Read: How can I get a car loan with bad credit?

Make sure you’re eligible for the loan

Not just anyone can apply for a personal loan. There are eligibility criteria you’ll need to meet, which vary slightly from lender to lender but are generally the following broad set of rules:

  • You must be 18 years or over

  • You must be a permanent Australian resident

  • You must currently be employed and have a regular income

  • You must be able to demonstrate a good credit history for the last 5 years

  • You must be free from bankruptcy for the last 7 years

There are other criteria that banks and lenders will have for certain loans, which may be more or less strict. For example, some might require you to meet a certain minimum income threshold, while others will accept pension or Centrelink payments. Some loans are more lenient with their credit score requirements than others, while there are lenders that specialise in offering ‘bad credit’ loans to those with a difficult credit history.

You’re also unlikely to be allowed to borrow beyond the bank’s minimum and maximum loan amounts, so choose a loan that meets your borrowing needs and your credit history.

Have your supporting documents ready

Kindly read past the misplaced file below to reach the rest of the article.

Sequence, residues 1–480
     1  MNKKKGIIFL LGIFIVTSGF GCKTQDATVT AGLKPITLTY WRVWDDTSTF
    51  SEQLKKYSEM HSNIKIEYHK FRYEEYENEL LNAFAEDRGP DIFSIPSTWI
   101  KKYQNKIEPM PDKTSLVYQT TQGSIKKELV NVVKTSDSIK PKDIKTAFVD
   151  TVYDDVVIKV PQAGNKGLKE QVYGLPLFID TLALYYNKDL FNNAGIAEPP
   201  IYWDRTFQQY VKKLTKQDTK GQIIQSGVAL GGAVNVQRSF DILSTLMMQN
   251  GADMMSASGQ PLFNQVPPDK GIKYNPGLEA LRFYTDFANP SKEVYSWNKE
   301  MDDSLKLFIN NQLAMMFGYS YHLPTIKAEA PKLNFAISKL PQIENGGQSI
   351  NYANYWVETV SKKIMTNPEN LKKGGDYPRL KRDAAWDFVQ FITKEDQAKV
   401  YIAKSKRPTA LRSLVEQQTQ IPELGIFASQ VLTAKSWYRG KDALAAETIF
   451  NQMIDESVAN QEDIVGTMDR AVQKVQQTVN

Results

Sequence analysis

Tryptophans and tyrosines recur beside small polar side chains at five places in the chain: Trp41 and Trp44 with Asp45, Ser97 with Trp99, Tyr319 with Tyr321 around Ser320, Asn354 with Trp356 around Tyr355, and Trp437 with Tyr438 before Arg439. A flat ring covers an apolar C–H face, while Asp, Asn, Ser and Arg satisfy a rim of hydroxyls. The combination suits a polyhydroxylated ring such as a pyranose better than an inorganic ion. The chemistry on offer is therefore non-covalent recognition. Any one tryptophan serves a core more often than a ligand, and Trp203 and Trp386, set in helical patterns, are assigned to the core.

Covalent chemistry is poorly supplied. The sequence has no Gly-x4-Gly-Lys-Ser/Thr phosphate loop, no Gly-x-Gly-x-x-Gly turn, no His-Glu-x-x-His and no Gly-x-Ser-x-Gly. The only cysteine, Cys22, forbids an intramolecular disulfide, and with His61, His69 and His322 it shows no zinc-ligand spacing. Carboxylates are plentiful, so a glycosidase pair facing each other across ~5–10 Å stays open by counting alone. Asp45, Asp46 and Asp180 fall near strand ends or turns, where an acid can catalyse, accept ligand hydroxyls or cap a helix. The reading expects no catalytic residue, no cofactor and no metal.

When you’re ready to apply, you need to collect a number of documents that the lender will use as proof of your trustworthiness as a borrower. The documents most lenders will require include:

  • Your personal information, like your name, address, contact details etc.

  • At least 100 points of ID, which includes your driver’s license, passport, Medicare card etc.

  • Proof of income, usually a pay summary of a couple of pay slips

  • Bank statements, which you can download from your bank that show the lender how good you are at saving and spending wisely

  • Details of your assets (like shares or properties you own) and liabilities (like credit cards and other loan debts you have)

Depending on what you’re borrowing for, you might need to provide the lender with some extra info. For example, people borrowing for a car often need to provide the lender with a tax invoice for the car they’re buying, details on the car and evidence of comprehensive car insurance. For a renovation, you might need to show them a contract with a builder.

By having all of these on hand, you’re ready to move to the final step.

Apply for your loan

Once you’ve done all this, and you’re confident you’re ready to go, you can now finally apply for that personal loan.

You can quite literally apply for a personal loan at hundreds of different places. Banks, mutual banks, some non-banks, online marketplaces and specialist lenders - you’re spoilt for choice really. Some of these personal loans will be good for what you’re after, others will be bad, but there’s a very good chance the right one for you is somewhere among those hundreds of products.